tv Titan Missile Museum CSPAN August 20, 2017 2:12pm-2:27pm EDT
laith so they can tool a giant shaft if they need to. we have russes and drills -- that theyd drills would use, so as things need to be repaired, they can take care of that in the machine shop. when the dam was built, there were 9 million people living in california. today, we are pushing 40 million people. a lot more people, same amount of water. when you add global warming to that component of possibly becoming a factor for flood control we have to , deal with less water in different places and we still have all these people that need water to live. i think all of those things will make facilities like this even more important. and how we manage them and the supply of water even more important.
yvonne: the titan ii's mission was peace through deterrent. our job was to project a credible threat. to be here every day demonstrating to the soviet union that even if they launched a surprise first strike against us, we would be able to ride that out and retaliate quickly and with enough force to devastate the soviet union, even if they launched their missiles first. we are at the titan missile museum 25 miles south of downtown tucson. we are in the launch control
center of the missile site. that is essentially the nerve center of the missile site itself. from here, using all this equipment, the crew has a birds eye view of the condition of the missile and the missile site. then it is also from here that the crew would launch the missile if they were ordered to do so. so, in order to launch a titan ii missile, the crew needs a number of things. first of all they have to , receive a launch order that will tell them to execute their missile and what time they will do that. in order for them to do that, they will need two keys. one launch key for the crew commander, and one launch key for that deputy crew commander. the launch keys were secured in the emergency war order safe.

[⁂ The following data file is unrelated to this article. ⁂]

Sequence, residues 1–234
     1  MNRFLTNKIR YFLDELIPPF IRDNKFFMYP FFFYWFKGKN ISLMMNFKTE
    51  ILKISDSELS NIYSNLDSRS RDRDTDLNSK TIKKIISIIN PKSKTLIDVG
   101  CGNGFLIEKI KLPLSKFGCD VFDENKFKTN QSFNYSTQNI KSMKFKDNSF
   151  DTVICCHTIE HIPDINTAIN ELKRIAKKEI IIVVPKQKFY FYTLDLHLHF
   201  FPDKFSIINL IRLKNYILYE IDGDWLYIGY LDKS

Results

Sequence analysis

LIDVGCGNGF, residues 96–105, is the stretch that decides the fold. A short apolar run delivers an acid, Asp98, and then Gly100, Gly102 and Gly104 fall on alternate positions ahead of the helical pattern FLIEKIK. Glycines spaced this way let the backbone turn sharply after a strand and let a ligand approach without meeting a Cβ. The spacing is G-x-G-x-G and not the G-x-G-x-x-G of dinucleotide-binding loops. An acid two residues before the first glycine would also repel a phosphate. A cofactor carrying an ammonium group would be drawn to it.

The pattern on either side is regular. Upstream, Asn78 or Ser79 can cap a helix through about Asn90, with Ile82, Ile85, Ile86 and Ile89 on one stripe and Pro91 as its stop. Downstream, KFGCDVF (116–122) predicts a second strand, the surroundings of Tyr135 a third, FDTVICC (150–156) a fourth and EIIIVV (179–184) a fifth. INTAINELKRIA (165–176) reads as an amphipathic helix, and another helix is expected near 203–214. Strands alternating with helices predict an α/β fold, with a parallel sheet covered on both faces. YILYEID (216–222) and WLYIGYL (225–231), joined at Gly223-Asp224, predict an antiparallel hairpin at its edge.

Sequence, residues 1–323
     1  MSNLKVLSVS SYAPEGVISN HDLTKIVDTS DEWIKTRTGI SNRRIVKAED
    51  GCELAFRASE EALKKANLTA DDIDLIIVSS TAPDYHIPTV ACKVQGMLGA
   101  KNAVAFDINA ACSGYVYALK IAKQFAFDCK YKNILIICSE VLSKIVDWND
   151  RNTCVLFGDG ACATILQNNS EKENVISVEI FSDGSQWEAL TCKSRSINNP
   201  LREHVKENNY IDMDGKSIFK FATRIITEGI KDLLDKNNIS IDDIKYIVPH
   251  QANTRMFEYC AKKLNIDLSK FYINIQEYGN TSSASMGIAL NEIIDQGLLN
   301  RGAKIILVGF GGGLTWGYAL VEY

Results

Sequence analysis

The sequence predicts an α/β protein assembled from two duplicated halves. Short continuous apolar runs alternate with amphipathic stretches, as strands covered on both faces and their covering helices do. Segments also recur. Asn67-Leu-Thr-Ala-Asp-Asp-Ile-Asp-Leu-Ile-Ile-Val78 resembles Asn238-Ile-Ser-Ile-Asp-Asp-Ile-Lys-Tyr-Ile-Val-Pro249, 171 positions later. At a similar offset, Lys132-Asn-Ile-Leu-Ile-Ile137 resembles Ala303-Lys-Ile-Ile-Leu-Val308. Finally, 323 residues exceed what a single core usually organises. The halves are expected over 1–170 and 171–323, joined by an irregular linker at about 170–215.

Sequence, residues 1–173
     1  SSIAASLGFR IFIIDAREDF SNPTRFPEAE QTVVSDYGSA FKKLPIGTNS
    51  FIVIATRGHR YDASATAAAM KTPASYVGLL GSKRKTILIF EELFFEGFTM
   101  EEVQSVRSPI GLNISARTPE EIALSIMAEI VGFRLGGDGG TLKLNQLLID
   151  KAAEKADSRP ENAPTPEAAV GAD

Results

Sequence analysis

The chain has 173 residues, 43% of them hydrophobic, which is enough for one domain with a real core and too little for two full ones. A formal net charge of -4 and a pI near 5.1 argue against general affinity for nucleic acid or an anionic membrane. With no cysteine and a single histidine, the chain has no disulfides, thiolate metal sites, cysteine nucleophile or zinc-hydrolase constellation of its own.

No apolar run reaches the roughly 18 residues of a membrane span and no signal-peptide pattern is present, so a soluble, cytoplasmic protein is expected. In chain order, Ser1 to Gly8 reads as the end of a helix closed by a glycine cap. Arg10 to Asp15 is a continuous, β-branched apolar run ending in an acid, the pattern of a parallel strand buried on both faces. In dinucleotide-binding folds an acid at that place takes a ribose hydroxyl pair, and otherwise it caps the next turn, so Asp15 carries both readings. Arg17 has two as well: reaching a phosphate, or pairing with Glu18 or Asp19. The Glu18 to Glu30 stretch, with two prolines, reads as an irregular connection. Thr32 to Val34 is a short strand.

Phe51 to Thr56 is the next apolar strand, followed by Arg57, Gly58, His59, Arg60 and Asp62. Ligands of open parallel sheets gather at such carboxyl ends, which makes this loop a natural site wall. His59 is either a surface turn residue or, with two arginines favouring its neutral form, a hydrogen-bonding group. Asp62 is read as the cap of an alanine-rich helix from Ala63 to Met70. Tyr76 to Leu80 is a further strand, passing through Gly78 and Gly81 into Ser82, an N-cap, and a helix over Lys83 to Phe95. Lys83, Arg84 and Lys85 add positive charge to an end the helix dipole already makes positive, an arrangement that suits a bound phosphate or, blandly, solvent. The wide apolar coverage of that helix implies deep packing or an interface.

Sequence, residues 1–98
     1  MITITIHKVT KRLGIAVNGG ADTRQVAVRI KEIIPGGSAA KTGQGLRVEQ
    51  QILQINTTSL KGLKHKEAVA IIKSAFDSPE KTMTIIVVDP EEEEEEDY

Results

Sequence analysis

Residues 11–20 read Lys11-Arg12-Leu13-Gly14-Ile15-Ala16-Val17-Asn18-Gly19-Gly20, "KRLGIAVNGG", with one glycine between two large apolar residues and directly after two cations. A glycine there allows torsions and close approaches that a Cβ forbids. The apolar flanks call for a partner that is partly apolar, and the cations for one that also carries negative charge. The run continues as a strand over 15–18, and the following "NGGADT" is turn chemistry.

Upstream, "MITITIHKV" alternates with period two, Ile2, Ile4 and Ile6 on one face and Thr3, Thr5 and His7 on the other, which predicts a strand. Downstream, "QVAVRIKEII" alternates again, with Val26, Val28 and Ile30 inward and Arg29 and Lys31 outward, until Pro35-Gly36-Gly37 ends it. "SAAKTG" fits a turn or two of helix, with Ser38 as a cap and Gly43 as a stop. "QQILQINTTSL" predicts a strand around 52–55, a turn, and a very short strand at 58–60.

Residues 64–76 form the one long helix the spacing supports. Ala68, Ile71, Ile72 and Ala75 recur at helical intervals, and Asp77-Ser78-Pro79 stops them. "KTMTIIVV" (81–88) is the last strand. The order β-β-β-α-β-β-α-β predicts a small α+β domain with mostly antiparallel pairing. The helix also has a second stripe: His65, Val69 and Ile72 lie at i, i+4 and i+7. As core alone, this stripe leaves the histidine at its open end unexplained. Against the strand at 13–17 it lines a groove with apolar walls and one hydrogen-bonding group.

the crew.o twosafest secured by combination padlocks. each belongs to a specific officer on the crew. this is the crew commander's lock, this is the deputy crew commander's lock. even the officer who owns the lock knows the combination. when we received the locks, we set the combination. that combination is classified top secret because it is guarding top-secret equipment. and information. so, the two officers after they received the order, they come to the safe, remove their locks, retrieve their launch keys, the crew commander's launch key is then inserted here in the crew commander's console.
and the deputy crew commander's launch key is inserted here. the placement of the keys is intentional and it serves an important purpose. the guarantees both officers will have to act together in order to launch the missile. because in order to launch the missile both of these keys have to be turned and held in the on position for five seconds. they have to be turned at the same moment in time. they keys which is are spring-loaded. if you let go of the key switch it automatically falls back to the off position. the keys are too far apart for one person to be able to turn both keys. again this means that both , officers have to agree that they will launch their missile. then they have to cooperate to do that.